Malia Obama, 17, is reportedly interning this summer on the set of the HBO hit “Girls.” (Photo: Getty Images/Karwai Tang)
First daughter Malia Obama is a long way from the White House this summer, reportedly interning on the set of the buzzy HBO sitcom, “Girls.”
According to Us Weekly, the incoming high school senior has been spotted on the TV show’s Brooklyn set, getting coffee and helping keep crowds away from filming. “She’s a fan, and she mentioned that to [”Girls” creator] Lena [Dunham] when she came to the White House,” a source told Us Weekly. “I’m not sure how long she’ll be interning for. It’s a bit of a trial thing for her. They’ve known each other and discussed for a while. Lena and her get along great.”
— Page Six (@PageSix) July 3, 2015
Malia Obama on the Brooklyn set of HBO’s Girls, where she is reportedly interning this summer
When asked to confirm Malia’s internship, HBO declined to comment.
Malia, who celebrated her 17th birthday on July 4, seems to have her sights set on a career in entertainment, working last summer as a production assistant on the Halle Berry TV drama “Extant.”
Lauren Berger, CEO of InternQueen.com and author of Welcome to the Real World, says that high school students are showing an increasing interest in summer internships, rather than the traditional summer jobs like camp counselor or lifeguard. According to a survey she recently conducted with Dell, when asked when they should start looking for an internship, 27.5 percent of students said senior year of high school. Thirty percent of parents agreed with that timing. “These are kids who were at home when the recession was happening, and heard around the dinner table time and again how competitive the job market can be,” she tells Yahoo Parenting. “By the time they became seniors, they took it seriously.”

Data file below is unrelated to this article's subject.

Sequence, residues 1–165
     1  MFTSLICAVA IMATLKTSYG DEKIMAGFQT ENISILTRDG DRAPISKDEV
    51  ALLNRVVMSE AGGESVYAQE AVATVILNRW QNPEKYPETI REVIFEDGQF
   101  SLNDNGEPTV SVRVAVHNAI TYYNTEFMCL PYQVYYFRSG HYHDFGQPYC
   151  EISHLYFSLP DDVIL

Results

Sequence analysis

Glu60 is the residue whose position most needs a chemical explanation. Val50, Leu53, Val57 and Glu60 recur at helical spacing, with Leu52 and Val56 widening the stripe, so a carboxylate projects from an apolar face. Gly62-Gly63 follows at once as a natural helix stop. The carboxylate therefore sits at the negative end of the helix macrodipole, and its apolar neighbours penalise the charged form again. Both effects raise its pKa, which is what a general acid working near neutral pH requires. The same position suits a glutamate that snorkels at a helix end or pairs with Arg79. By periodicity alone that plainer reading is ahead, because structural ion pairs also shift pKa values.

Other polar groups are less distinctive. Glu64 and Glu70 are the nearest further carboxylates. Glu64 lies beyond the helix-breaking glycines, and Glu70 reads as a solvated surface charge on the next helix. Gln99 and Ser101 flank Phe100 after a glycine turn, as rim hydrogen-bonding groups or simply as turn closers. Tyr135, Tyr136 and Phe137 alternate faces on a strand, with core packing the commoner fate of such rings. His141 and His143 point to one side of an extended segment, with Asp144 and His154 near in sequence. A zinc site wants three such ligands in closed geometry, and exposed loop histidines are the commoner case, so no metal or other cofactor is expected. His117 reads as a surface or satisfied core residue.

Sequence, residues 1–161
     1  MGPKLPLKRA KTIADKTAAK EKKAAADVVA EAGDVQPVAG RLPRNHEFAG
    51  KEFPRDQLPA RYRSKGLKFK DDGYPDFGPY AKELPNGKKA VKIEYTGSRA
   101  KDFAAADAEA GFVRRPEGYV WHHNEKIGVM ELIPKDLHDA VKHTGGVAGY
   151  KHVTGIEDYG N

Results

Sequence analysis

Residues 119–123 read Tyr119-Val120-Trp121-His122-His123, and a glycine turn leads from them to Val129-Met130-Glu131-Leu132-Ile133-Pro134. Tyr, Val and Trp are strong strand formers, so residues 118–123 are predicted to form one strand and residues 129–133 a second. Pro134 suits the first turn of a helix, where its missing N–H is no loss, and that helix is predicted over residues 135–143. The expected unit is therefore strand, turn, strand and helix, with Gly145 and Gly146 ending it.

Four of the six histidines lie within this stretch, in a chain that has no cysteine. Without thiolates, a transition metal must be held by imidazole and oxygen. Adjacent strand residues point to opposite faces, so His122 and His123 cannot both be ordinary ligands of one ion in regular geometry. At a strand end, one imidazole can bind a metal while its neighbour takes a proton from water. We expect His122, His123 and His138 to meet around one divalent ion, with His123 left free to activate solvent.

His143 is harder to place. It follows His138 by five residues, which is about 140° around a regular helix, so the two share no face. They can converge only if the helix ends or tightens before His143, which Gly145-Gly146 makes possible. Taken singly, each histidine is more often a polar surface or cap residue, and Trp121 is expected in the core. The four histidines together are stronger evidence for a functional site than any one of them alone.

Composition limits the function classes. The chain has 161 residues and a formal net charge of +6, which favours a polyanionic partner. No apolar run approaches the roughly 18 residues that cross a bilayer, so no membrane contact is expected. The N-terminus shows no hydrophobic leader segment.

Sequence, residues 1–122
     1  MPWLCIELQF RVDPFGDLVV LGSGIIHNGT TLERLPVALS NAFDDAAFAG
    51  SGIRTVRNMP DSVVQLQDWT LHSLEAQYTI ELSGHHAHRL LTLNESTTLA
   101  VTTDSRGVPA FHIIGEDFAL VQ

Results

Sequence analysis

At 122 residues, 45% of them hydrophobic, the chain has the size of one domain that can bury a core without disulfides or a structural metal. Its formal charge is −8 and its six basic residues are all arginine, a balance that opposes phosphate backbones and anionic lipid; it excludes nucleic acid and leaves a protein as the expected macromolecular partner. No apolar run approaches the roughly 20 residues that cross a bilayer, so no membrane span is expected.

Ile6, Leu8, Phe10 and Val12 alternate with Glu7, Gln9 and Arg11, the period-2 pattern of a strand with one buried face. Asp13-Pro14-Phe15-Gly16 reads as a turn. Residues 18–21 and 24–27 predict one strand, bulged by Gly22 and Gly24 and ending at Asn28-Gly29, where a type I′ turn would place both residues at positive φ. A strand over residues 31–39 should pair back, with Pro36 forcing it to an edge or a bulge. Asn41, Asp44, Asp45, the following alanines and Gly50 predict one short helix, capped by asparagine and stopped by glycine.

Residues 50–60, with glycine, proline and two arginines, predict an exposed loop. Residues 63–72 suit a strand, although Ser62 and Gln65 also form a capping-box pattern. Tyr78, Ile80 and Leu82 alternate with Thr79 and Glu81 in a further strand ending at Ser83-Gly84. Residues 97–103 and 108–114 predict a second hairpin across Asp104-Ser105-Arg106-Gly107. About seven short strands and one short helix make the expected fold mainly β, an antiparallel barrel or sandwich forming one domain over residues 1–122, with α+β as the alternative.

Social media has contributed to the rising interest in high school internships, too, Berger says. “It’s trendy to be ambitious,” she says. “This has not always been the case, but with Instagram it’s cool to take a picture of your to-do list and set goals and be public about them,” she says.
And you don’t have to be related to the president to get a gig, Berger says. “Every internship doesn’t have to be a wow name like ‘Girls,’” she points out. “For a lot of high schoolers who don’t have the opportunity to go to L.A. or New York City, or parents who can’t send their kids to those places, it’s important to note there are opportunities in every city. If I spoke to a student interested in entertainment, I would say that a local TV station or radio station would be a great place to get their hands dirty.”
But since Malia is the first daughter, there’s no shame in her having used her connections. “I would applaud Malia by saying ‘what a way to use your networking skills,’” Berger says. “It’s so important to recognize when there is a networking connection in front of you. Kudos to her for turning a random meeting into an internship opportunity.”